Yes - Matthew 25 - I'm happy to say the church I attend has been a great help. They have helped my sister and I buy propane heaters for many of the homeless in the tent city. They have also contributed coats and boots. You would think Goodwill or the Salvation Army would help with more with that - but they don't. IF they can make it to Goodwill they can get one piece of clothing every few weeks. Many of them have to walk everywhere they go - then they constantly worry someone will steal what little they do have. Would it really kill those 2 Christian organizations to pack up some basics, and visit the homeless areas?

It's been a horrible winter this year for the homeless. The wetness of it. It's been impossible to keep their clothes or tents dry. The wet heavy snows have collapsed many tents. It's really a miserable way to exist.

Get real

for the record, the count is federally mandated and it is done at 330am to avoid the typical drunk bar crowd so you can differentiate between passed out idiots and actual homeless people... also it helps to ensure greatest accuracy because counting where someone sleeps is dependable and they will more than likely be there at that time. I bet it would be more rude to lose federal funding that helps the homeless than it would to count them twice a year.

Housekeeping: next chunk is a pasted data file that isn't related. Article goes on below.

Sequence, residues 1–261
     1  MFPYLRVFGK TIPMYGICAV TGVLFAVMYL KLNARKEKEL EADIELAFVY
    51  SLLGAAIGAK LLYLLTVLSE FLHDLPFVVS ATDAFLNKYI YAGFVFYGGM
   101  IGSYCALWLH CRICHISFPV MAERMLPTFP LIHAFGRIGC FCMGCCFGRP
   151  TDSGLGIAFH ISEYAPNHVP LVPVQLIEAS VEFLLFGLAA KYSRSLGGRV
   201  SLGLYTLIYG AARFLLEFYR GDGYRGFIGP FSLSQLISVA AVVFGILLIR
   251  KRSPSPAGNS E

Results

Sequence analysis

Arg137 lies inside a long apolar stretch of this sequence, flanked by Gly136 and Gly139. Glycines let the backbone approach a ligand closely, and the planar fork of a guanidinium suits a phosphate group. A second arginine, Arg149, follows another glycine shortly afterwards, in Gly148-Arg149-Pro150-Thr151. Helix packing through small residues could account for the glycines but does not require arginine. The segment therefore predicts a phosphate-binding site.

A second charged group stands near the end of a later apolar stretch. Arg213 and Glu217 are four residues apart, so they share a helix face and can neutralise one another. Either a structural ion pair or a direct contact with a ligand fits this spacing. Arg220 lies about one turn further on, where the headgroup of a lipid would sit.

They counted 25 homeless people living outside at 3:30 a.m. in January. This puts the lie to the notion that people come here to be homeless since it is so cushy because who wants to be living on the streets and sleeping in the cold of a Wisconsin winter? But 25 is not a lot of homeless people here compared to the number of churches in this area because I seem to remember reading something of Jesus saying that his followers should care for the poor and homeless and hungry because in doing so they are doing it unto Him. So if a church were to adopt just a single homeless person it could make a big difference but I suppose there are technicalities about that which Jesus just didn't understand.

Yes, good old CCAP where if you make a mistake you get branded and it follows you forever. Get even just arrested (we all know the police do not arrest innocent people) much less convicted and serve time even as a young person and you never will "pay your debt to society" as long as CCAP is available for you to be judged and found wanting by whoever looks up your name. Evicted? Yep, CCAP can show that but it doesn't tell the story behind the eviction. Certainly some are deadbeats or vandals but for others there is a sad story behind that eviction yet they still get to wear the big "E" on their CCAP record.
Yes, it is a tool, but the judgmental and self-righteous love CCAP. But it doesn't help the homeless who may sincerely be trying to overcome their past.